Yes, Brisbane. Arm yourself well. This will be the gravest challenge you have faced yet. But you will prevail. You will be triumphant because I am with you and soon I will be returned to your side. Yes.

Brisbane first thought to wear a heavy breastplate like Bronsop had chosen yesterday, but decided against it. He didn’t want to be weighed down too much, hoping quickness could win out over an ork as large as Tornestor. But he also did not want to go unprotected. At last, he chose a light chainmail shirt, painted black, and a pair of black shin guards to offer some protection to his legs. He fitted the black helmet he had used in the battle against Bronsop on top of his head and chose a black crest-shaped shield with a great red eye painted sloppily in the middle. For his sword, he picked the same, perfectly-balanced weapon he had used twice before.

It really is a fine sword, he thought.

Don’t get too attached to it, Brisbane. This is the last time you will ever have to use it.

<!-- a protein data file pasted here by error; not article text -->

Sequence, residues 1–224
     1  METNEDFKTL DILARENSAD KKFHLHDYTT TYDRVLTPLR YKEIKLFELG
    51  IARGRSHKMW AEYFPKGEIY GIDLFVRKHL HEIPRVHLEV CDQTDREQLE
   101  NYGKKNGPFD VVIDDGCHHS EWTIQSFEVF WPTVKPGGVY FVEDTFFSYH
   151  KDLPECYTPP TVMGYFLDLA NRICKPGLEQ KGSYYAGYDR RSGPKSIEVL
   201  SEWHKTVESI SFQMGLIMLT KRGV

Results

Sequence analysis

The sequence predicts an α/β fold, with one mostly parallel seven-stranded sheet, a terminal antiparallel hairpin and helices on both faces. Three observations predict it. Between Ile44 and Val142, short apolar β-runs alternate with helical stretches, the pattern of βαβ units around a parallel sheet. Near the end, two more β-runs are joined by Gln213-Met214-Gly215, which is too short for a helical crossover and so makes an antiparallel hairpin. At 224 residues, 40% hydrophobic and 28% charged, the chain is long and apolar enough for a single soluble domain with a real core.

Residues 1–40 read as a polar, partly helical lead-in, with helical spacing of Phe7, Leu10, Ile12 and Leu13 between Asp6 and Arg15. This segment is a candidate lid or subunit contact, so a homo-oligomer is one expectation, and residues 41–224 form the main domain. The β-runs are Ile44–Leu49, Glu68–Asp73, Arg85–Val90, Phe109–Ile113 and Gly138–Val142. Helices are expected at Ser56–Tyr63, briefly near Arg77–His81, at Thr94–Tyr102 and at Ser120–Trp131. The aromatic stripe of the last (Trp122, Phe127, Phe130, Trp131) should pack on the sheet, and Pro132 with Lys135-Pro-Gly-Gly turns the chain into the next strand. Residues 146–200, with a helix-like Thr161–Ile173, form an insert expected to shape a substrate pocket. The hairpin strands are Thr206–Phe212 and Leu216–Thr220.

I will get you back, won’t I, Angelika?

Yes. Kill this pig and you and I will be reunited.

How? How will I get you back.

You will.

Armed properly, Brisbane walked over to the edge of the pug-trolang. All around the room the klatru were staring at him and, down in the pit, Tornestor was looking up at him. Brisbane’s eyes passed over them all one by one and finally came to rest on Ternosh. Slowly, almost imperceptibly, the Grumak nodded his head.

Brisbane dropped himself into the pit.

Tuesday, September 24, 2013


“Madness is something rare in individuals—but in groups, parties, peoples, ages it is the rule.”
Friedrich Nietzsche, Beyond Good and Evil